The Jewish community sent her birthday greetings not long after she ascended to the throne, and she eagerly thanked the chief rabbi at the time for the message in 1952.
Elizabeth would eventually elevate several chief rabbis to knighthood, and two to the House of Lords. (The position of chief rabbi was one that dates back to the 1700s and later spread to a number of countries and territories Britain colonized, including Ireland, British Mandatory Palestine and South Africa.)
Heeding the advice of the British foreign office, which sought to repair ties with Arab nations after the 1956 Middle East War, when Britain, France and Israel sought to bring Egypt to heel, Elizabeth avoided the appearance of closeness to Israel for decades.
Her husband Philip — honoring his late mother, who was deemed a righteous gentile — visited the country on an unofficial visit in 1994. Her grandson, Prince William, made the kingdom’s first official visit in 2018.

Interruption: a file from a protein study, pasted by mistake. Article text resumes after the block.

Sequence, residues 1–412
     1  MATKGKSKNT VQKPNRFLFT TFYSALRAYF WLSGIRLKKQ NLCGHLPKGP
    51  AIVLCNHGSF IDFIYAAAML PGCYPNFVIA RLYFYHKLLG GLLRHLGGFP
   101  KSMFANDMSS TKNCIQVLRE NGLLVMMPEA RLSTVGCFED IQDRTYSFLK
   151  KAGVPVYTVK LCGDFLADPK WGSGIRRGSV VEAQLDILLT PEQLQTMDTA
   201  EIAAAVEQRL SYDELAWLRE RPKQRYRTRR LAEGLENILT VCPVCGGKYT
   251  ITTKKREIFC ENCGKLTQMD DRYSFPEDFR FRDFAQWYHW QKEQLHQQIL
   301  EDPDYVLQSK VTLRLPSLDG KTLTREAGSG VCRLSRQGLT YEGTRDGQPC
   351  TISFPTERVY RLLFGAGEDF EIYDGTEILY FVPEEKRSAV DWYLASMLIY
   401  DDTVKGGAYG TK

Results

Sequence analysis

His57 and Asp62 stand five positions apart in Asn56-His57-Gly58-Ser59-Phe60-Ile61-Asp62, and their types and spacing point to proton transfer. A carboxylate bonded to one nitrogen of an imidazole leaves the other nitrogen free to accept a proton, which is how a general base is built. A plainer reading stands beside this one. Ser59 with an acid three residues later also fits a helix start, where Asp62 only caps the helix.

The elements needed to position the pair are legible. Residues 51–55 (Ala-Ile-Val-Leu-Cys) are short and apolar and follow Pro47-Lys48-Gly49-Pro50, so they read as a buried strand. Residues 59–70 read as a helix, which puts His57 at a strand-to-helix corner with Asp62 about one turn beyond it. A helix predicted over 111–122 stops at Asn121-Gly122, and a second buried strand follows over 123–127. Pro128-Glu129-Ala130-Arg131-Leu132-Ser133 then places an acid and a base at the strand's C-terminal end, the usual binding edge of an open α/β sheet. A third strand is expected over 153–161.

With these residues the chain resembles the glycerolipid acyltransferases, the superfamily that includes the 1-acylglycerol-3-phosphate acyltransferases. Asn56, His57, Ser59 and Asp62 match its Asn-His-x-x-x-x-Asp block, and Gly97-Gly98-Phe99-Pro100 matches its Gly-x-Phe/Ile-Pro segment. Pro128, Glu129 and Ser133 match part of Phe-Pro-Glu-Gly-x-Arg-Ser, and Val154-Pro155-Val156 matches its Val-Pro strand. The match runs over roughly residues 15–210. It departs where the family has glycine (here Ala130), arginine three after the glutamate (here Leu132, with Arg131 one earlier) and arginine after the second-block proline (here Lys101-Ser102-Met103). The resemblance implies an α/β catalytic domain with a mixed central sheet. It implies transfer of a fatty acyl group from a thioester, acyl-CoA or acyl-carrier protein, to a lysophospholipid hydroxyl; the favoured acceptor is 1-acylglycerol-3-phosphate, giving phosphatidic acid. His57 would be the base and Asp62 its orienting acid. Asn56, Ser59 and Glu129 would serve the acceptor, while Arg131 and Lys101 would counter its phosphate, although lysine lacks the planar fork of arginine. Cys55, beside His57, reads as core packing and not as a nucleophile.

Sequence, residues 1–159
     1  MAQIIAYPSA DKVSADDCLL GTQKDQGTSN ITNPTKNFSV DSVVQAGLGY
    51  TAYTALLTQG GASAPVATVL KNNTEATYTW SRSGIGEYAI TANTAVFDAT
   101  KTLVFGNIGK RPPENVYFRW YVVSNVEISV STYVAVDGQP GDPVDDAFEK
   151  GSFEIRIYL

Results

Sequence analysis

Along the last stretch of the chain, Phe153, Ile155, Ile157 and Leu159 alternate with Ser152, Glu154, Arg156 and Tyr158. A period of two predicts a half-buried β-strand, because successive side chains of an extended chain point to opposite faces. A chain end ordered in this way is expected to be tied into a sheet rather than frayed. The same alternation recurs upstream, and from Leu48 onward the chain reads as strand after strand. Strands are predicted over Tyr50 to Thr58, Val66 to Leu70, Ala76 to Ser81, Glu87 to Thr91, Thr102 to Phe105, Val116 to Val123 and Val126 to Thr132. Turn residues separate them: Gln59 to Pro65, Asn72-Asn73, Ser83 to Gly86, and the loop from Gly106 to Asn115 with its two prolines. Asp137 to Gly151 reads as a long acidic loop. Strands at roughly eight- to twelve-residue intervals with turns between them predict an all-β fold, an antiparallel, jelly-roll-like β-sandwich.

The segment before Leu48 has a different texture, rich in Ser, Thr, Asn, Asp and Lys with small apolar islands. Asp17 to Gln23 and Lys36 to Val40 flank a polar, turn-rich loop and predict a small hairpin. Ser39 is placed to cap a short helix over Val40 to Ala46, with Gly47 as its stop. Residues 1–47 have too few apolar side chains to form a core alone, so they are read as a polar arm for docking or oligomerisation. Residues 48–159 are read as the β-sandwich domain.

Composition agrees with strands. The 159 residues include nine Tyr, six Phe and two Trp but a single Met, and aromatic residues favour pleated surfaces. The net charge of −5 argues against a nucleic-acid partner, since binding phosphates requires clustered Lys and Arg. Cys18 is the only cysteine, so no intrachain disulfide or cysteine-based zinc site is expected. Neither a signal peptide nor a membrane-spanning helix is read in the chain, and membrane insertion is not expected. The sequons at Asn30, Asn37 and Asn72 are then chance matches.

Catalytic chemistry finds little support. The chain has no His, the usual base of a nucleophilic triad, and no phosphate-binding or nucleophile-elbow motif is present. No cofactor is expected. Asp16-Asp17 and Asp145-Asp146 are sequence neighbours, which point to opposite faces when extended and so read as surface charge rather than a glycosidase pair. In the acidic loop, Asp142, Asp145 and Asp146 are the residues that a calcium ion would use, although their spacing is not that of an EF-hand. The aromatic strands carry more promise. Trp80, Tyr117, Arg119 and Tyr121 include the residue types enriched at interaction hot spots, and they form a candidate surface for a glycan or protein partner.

The postwar era was a time of increasing Jewish assimilation into all sectors of British society, including its elites. The fact that Lord Snowdon — the husband of Elizabeth’s sister Princess Margaret — was Jewish barely registered.
When Princess Diana, citing Charles’ unfaithfulness, sought to divorce him, she hired Anthony Julius, one of the country’s most prominent lawyers who was also a scholar of Jewish history.
By the time of Margaret Thatcher in the 1980s, Jewish Cabinet ministers abounded — five at one point — and by the 2000s, two Jews led the opposition: Michael Howard was the Conservative leader from 2003-2005 and Edward Miliband was the Labor leader from 2010-2015.
Israeli President Isaac Herzog called her death the “end of an era.”
“Throughout her long and momentous reign, the world changed dramatically, while the Queen remained an icon of stable, responsible leadership, and a beacon of morality, humanity and patriotism,” he said.
“In her life and in her service to her people, the Queen embodied a spirit of integrity, duty and ancient tradition.”